There’s no denying it, times are tough and a little confusing right now. Being in lockdown, working from home and living in a constant state of the unknown can wreak havoc on your mental health, motivation and energy.
Currently, one in five Australians report high or very high levels of psychological distress linked to the COVID-19 pandemic, (Australian Bureau of Statistics) emphasising the imperative need to prioritise mental health.
Practicing gratitude has the power to shift our perspective and transform how we see ourselves and our lives. Being grateful is a practise, like being mindful or learning how to meditate. It’s a mindset that we can cultivate through deliberate effort. And when we do the work, over time the benefits start to show up in our lives.
Here are five activities you can do to practice gratitude.
1. Keep a gratitude journal
The way you use your gratitude journal is up to you, but we recommend writing down three things you are grateful for each night before bed or to make it even easier, check in on Calm, with the Gratitude Check-in tool. Building a routine of gratitude into your evenings is a great way to wind down, reflect on your day, and generate positive emotions. This shift in perspective is an excellent way to calm a busy mind before drifting off to dreamland. Calm’s Daily Gratitude Journal is another good way to get started.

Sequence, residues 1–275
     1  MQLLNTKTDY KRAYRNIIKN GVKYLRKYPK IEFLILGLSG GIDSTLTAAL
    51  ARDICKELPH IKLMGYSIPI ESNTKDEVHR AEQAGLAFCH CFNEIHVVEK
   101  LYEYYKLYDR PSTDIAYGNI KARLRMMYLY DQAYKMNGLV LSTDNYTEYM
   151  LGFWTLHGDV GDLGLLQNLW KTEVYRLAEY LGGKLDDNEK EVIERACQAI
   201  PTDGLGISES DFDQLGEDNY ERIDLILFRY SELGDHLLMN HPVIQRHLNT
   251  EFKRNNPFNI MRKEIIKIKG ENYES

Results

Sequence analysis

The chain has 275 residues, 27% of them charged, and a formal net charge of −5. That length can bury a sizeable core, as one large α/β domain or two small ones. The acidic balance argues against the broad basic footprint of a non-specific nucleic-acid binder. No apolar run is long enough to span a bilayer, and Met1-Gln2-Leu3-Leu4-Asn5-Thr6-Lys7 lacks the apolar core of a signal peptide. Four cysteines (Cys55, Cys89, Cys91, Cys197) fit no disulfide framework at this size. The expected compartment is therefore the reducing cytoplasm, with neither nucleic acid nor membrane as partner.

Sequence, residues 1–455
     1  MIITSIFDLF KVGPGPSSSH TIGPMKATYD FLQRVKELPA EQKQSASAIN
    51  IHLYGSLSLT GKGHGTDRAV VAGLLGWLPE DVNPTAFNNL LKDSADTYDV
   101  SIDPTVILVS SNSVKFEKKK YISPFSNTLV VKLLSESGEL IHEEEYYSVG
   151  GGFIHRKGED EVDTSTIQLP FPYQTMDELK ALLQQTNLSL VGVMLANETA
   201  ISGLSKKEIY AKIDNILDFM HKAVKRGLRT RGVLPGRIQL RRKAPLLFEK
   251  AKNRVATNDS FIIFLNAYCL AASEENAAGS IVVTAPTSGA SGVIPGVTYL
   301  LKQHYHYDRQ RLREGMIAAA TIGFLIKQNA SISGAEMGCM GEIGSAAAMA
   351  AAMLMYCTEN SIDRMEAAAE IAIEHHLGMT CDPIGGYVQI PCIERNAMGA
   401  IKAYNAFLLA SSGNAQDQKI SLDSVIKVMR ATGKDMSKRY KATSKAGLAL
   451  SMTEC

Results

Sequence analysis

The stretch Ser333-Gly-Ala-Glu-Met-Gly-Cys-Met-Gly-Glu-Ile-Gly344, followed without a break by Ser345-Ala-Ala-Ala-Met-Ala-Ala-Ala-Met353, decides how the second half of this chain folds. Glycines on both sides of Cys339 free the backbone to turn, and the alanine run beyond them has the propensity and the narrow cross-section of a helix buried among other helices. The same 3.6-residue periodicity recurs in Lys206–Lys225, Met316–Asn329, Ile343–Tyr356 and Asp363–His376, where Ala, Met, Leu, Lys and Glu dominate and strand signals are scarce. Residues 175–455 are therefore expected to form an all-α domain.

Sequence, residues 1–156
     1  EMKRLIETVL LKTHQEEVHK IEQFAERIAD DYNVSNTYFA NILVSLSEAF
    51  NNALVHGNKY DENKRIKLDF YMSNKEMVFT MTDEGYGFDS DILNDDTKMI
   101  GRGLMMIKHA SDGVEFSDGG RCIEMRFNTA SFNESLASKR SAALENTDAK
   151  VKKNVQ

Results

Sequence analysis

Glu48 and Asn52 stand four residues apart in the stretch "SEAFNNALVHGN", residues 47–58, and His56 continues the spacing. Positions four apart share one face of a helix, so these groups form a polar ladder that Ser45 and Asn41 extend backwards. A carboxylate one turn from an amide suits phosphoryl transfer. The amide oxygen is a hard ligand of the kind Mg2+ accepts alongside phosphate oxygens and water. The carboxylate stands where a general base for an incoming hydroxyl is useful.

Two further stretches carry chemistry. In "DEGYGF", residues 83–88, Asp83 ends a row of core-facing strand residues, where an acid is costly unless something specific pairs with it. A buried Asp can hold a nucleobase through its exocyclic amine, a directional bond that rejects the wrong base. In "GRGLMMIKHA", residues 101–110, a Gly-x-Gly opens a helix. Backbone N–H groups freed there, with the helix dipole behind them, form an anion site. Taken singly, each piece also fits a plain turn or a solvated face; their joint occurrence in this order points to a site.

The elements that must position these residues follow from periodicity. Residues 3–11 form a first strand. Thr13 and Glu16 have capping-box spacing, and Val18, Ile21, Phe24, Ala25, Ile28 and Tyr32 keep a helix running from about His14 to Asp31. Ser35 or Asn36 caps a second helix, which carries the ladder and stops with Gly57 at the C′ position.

2. Try mediation!
Developing a meditation habit can often go hand-in-hand with practicing gratitude. It can be hard but like any habit, it’s all about routine! You can start with a simple mindfulness technique of identifying five things you can see, touch or smell, or bringing something or someone to mind that sparks joy in your life. If you’d like to take your gratitude practise to the next level, Tamara Levitt, Head of Mindfulness at Calm, has created a masterclass series on practicing gratitude. The five part series, exclusively available on Calm will guide you through tools, insights, and inspiration to cultivate this life-changing practise.
3. Gratitude Countdown
Next time you notice yourself caught up in negativity or stress, challenge yourself to a Gratitude Countdown and list ten things you’re grateful for on the spot. To make your countdown most effective, we recommend being specific. Share not only what you’re grateful for, but how and why. By being specific, we’re recalling a distinct memory or setting an actual scene in our mind’s eye, which naturally evokes an authentic feeling of gratitude.
4. Breath of thanks
It’s important to remind ourselves to pause. We often miss out on the small gifts in our lives because we’re so distracted or busy rushing from one task to the next, one video call to the next. It’s useful to remember that practicing gratitude doesn’t have to be a regimented procedure.
Two or three times a day, slow down, stop and bring attention to your breath. For every five to eight exhalations, say the words, “thank you” silently to yourself. We recommend you practice this around three times a week to start feeling the results.
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